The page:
Who owns the water beneath my property, bordering my property, on my property and/or that runs off my property?
If you live in the East, you are more likely to own the water on your property, under riparian law. But you probably won’t have unrestricted use to the water there. Western states generally operate under the doctrine of prior appropriation, which may mean the water rights were granted to others before you bought the property. Water rights can be bought and sold, and in the West, water brokers exist for that purpose. Under prior appropriation, even if you own the water on your property, you may or may not own the water that runs off it or the rain that falls on it. And some water is considered to be in the public domain and isn’t owned by any individual. To be safe, you should consult a lawyer who knows local water law. (See “Water Rights: A White Paper Report” (Member ID log-in required) for more information.)
Can I withdraw water from a body of water on my property?
That depends on whether you have rights to the water. See Question 1.
Where does my drinking water come from?
There are two sources of water: surface water (lakes, rivers, and reservoirs) and groundwater (wells that tap into aquifers). Large water utilities that serve cities and surrounding suburbs usually get their water from surface water. Smaller utilities and individuals usually get their water from wells. If you want to know which local body of water supplies your drinking water, check your water utility’s website.
Where does water that leaves my property go?
If you live in a metropolitan area, water that leaves your home is directed through sewer pipes to a wastewater treatment facility. For outside water, it depends on the terrain. If the surrounding area is seeded with green space, then runoff water from rain, washing your car, or other domestic activities will seep into the ground. If instead there’s a lot of impervious pavement, the water will run off and drain into nearby gutters and eventually, the nearest surface water body such as a lake or river.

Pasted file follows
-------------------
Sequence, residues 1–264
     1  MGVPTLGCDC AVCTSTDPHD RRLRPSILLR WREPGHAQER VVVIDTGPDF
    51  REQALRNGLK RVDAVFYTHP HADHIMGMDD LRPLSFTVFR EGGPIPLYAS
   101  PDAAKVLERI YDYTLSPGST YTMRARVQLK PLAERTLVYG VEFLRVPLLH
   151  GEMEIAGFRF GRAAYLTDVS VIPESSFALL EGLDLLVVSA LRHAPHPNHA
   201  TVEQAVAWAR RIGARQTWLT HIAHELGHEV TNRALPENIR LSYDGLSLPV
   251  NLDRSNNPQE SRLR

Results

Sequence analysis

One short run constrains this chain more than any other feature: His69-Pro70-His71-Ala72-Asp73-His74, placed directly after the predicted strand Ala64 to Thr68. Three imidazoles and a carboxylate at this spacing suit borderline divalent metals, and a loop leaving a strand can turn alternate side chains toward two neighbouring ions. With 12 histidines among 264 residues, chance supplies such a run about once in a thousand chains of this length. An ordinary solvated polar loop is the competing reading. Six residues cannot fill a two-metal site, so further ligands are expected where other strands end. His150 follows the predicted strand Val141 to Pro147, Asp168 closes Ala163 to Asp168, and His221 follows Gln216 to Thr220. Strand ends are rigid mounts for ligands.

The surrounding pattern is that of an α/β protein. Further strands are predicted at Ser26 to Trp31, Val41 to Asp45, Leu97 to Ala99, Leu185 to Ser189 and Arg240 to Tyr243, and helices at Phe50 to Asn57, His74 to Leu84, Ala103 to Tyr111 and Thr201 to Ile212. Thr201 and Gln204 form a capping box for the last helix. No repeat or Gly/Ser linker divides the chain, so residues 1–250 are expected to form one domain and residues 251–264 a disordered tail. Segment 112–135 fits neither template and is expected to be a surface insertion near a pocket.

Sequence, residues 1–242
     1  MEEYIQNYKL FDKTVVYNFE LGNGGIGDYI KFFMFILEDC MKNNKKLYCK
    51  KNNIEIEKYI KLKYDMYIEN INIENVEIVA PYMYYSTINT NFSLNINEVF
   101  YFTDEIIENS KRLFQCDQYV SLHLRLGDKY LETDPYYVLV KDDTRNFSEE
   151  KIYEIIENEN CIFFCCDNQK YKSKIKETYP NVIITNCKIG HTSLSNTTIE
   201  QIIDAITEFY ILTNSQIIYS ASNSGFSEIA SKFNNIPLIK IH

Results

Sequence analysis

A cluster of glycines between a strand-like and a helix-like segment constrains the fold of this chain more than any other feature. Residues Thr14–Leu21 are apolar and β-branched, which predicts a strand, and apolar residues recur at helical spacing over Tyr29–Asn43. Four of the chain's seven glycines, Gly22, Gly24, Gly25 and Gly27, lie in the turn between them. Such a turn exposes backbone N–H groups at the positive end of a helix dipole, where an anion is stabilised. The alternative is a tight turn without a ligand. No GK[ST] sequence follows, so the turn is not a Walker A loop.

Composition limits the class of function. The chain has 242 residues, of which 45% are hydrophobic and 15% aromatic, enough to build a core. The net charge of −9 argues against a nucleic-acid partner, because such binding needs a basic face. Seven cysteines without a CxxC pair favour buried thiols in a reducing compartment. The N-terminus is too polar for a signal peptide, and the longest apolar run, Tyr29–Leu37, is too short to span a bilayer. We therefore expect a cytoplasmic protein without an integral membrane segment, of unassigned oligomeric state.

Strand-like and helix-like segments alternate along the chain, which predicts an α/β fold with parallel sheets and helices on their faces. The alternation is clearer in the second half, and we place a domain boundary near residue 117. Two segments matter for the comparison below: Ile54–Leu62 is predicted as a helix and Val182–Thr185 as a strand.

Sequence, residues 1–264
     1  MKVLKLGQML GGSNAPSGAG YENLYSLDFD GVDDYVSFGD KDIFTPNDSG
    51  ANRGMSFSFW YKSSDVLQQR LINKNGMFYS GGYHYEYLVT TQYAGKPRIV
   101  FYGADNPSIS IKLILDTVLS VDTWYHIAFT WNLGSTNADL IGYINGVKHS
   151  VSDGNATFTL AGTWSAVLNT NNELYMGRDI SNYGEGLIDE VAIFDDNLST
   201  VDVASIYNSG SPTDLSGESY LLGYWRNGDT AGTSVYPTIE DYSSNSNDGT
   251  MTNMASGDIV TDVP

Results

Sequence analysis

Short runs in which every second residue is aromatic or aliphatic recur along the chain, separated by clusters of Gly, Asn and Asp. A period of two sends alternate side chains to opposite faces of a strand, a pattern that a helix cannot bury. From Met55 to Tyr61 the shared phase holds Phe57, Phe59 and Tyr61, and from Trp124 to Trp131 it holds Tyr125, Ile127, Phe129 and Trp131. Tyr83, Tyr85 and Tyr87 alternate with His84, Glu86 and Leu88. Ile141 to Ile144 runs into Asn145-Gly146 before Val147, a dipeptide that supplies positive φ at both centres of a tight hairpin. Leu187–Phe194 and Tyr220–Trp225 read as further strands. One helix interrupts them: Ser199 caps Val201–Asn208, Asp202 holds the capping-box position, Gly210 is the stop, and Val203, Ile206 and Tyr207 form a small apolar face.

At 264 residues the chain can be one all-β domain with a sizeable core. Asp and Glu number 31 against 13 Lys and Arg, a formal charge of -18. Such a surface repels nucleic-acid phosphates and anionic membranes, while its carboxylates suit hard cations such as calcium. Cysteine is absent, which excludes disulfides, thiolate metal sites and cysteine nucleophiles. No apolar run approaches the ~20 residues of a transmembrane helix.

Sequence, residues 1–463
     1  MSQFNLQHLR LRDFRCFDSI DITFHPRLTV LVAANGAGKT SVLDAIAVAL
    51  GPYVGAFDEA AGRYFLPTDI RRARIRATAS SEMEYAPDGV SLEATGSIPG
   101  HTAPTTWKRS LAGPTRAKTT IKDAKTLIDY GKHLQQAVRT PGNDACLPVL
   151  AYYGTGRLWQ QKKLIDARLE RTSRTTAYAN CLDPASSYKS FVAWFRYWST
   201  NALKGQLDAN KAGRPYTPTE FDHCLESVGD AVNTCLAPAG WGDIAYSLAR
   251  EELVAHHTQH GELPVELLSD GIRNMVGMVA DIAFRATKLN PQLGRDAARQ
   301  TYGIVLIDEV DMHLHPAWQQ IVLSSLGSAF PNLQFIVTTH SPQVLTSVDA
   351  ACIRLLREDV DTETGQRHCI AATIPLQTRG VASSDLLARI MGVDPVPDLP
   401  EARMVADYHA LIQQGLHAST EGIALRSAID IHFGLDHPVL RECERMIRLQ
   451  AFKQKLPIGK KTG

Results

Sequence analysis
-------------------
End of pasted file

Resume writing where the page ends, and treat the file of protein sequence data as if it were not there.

Why should I worry about water?
Lots of reasons, which the rest of this toolkit elaborates on. You’re probably not asking this question if you live in certain parts of the country, such as most of the West, or Atlanta. Those areas already have seen what happens in a severe drought, and many cities have mandatory conservation measures and water restrictions. Other areas, though they may not have arid climates (as Atlanta doesn’t) may soon grapple with similar water supply problems. Potable water is a finite resource, the U.S. population is growing, and our increasing appetite for energy means we’ll continue to use more water in the energy plants that power everything from our air conditioners to our PCs. Throw in the unpredictability of climate change, and planning for water supply needs becomes even more difficult. The eastern part of the country has pipes in its water infrastructure that in some cases are more than 100 years old, one reason the American Society of Civil Engineers gave the nation’s drinking water and wastewater systems a grade of D-. And there are continuing concerns about whether our water is clean and safe to drink.
How can I obtain the right to use more water?
If you live in the West, a water broker often can connect you with someone who wants to sell unused water rights. In the Eastern United States, you should check with your local water utility.
Where can I find more information about water conservation?